Justin Trudeau has said he intends to set a national price on carbon. (Photo: Reuters)
The deal called for first ministers to meet again this fall after four working groups reported back on broad policy areas. The aim, Trudeau said at the time, was to finalize "a pan-Canadian plan" to fight climate change. Trudeau also acknowledged that obstacles lay ahead for himself and the premiers. In recent weeks, the issue has re-emerged following public remarks by Trudeau and federal Environment Minister Catherine McKenna. Trudeau told the CBC last week that his government was looking to put a "strong price on carbon right across the country." Earlier this month, McKenna rejected criticism that carbon pricing was simply another tax. "What it is, is pricing pollution — we need to be doing this," McKenna said July 15 in Toronto. "It doesn't discriminate: It just says you will pay less if you pollute less." That same day, McKenna also told Bloomberg that the country will have a national price on carbon emissions by the end of the year. The remarks prompted Wall, who argues Saskatchewan already has a price on carbon with its carbon capture and storage technology, to send a warning to Ottawa in case it's thinking about imposing a solution on the provinces. Wall threatened to launch a constitutional challenge on the basis that governments cannot tax other governments or their Crown corporations. WHAT THE EXPERTS SAY As a general principle of Canadian constitutional law, governments cannot tax one another, as Wall suggested, said Eric Adams, an associate law professor at the University of Alberta. Crown corporations that are government "agents" are also protected from being taxed by another government, he added. Since all of Saskatchewan's Crown corporations are agents of the province, Wall could challenge the federal government if Ottawa tries to tax them. Even the 2015-16 annual report for Saskatchewan's Crown Investments Corp. states they're "not subject to federal and provincial income taxes." "Yes, it's certainly possible," Adams said when asked if Wall could mount a legal challenge, before noting that other factors make it a rather tricky field of constitutional law.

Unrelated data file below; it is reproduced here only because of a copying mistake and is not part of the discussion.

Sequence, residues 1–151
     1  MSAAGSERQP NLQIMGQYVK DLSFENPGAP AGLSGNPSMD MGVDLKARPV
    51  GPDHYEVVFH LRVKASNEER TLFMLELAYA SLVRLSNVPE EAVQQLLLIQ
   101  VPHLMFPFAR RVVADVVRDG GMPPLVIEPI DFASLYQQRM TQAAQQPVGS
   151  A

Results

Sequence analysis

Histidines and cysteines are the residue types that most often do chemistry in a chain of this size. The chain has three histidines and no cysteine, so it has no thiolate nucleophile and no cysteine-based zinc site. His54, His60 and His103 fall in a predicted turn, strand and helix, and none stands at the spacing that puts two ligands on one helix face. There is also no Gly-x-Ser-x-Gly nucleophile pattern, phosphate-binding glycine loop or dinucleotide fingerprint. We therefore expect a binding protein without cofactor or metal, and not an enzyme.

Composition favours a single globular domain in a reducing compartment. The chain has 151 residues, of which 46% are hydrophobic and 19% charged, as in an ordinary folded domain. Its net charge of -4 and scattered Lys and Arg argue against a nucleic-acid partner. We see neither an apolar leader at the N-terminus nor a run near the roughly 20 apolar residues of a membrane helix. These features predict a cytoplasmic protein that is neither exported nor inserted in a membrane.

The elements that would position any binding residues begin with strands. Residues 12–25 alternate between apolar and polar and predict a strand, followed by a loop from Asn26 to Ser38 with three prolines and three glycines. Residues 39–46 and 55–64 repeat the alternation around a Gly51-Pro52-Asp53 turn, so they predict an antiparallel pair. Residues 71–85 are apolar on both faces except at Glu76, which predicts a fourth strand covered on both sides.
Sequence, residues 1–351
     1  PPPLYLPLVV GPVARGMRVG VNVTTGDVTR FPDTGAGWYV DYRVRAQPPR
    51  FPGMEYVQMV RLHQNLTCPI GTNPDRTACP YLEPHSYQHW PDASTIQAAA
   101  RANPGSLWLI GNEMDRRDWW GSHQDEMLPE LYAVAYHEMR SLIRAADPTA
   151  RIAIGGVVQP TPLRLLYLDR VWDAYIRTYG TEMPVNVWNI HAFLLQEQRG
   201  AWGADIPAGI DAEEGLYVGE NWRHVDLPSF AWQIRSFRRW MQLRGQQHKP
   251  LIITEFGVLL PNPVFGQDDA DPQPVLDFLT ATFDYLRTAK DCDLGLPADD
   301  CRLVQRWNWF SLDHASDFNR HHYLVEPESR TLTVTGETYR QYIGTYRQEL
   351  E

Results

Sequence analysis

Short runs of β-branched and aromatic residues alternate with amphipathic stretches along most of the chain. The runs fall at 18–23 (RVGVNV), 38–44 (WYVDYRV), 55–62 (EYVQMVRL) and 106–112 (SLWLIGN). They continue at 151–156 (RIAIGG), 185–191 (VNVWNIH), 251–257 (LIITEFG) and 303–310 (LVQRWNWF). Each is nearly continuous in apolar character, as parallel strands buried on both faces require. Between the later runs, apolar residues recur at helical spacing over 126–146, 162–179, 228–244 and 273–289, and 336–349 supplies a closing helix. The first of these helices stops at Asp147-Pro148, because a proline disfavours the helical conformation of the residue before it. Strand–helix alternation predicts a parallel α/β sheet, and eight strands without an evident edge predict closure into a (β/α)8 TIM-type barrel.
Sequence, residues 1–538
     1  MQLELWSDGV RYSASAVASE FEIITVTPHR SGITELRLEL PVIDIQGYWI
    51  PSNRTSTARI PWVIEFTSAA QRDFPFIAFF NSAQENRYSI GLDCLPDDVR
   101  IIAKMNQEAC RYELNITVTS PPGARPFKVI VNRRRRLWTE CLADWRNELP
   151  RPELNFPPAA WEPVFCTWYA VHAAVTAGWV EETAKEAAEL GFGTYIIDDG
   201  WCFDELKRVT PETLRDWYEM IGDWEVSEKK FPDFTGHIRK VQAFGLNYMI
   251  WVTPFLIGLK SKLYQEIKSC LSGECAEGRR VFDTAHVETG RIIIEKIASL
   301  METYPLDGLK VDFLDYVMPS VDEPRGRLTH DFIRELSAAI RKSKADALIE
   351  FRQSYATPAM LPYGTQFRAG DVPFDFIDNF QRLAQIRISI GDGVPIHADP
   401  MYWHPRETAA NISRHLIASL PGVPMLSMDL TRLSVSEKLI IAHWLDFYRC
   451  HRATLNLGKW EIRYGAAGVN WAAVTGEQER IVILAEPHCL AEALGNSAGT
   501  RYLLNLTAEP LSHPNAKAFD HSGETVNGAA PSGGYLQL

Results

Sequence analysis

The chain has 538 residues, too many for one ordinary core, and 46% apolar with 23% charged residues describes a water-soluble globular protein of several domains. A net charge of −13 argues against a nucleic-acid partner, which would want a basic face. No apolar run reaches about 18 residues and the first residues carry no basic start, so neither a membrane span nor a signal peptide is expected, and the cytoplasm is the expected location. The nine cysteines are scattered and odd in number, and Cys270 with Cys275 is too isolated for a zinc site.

"We will work together to establish national emissions-reduction targets and ensure that the provinces and territories have targeted federal funding and the flexibility to design their own policies to meet these commitments, including their own carbon pricing policies."
Brad Wall wants to protect Crown corporations like SaskPower from a federal carbon tax. (Photo: SaskPower)
Mintz said such a situation could become even messier if the federal government characterized a price on carbon as a regulation. The environment, he noted, is a joint federal-provincial power and the provinces have jurisdiction over their resources. "The devil is in the details," Mintz said. "If it's more like a consumer tax, it's OK, I think. But I don't think you can do that with a carbon tax because it's not meant to be solely a tax on consumers, it's also a tax on businesses and others." THE VERDICT Since Crown corporations like SaskPower and SaskEnergy are legislated as agents of the province, it's entirely possible Wall could launch litigation to ensure they remain exempt from a federally imposed carbon tax, experts say. It's likely a judge would ultimately decide on any court case, but that wouldn't mean that Wall couldn't mount a challenge. For those reasons, Wall's threat of taking Ottawa to court to protect his Crown corporations from a carbon tax contains no baloney. METHODOLOGY The Baloney Meter is a project of The Canadian Press that examines the level of accuracy in statements made by politicians. Each claim is researched and assigned a rating based on the following scale: No baloney — the statement is completely accurate A little baloney — the statement is mostly accurate but more information is required Some baloney — the statement is partly accurate but important details are missing A lot of baloney — the statement is mostly inaccurate but contains elements of truth Full of baloney — the statement is completely inaccurate
"The devil is in the details."
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